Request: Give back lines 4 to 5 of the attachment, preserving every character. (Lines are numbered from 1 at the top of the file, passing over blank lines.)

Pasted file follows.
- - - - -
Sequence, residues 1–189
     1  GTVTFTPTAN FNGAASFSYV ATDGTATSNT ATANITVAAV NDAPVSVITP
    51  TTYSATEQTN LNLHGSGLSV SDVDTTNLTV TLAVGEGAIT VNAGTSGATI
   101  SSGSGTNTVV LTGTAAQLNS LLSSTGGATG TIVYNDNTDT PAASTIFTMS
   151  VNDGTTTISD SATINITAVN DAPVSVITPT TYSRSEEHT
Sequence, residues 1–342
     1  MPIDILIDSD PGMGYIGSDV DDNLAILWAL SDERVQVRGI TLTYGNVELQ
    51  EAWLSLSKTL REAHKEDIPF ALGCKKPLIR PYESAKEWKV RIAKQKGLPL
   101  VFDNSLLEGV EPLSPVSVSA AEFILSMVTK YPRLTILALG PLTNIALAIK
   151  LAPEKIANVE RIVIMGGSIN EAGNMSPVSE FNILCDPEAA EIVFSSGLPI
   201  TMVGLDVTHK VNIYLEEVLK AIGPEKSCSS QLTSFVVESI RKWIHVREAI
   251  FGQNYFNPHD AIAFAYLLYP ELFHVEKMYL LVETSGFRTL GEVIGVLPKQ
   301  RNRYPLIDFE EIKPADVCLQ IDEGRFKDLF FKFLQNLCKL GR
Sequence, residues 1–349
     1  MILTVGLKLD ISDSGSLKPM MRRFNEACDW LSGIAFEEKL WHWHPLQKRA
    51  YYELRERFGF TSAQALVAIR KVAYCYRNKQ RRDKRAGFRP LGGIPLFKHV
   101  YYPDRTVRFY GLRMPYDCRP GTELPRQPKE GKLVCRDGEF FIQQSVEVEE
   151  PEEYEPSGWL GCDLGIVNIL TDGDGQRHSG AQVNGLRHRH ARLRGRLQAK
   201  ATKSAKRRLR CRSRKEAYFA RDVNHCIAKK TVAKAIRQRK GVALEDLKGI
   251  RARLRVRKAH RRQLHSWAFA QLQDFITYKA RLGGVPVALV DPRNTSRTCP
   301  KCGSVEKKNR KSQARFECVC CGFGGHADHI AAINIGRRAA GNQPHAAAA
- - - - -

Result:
   101  SSGSGTNTVV LTGTAAQLNS LLSSTGGATG TIVYNDNTDT PAASTIFTMS
   151  VNDGTTTISD SATINITAVN DAPVSVITPT TYSRSEEHT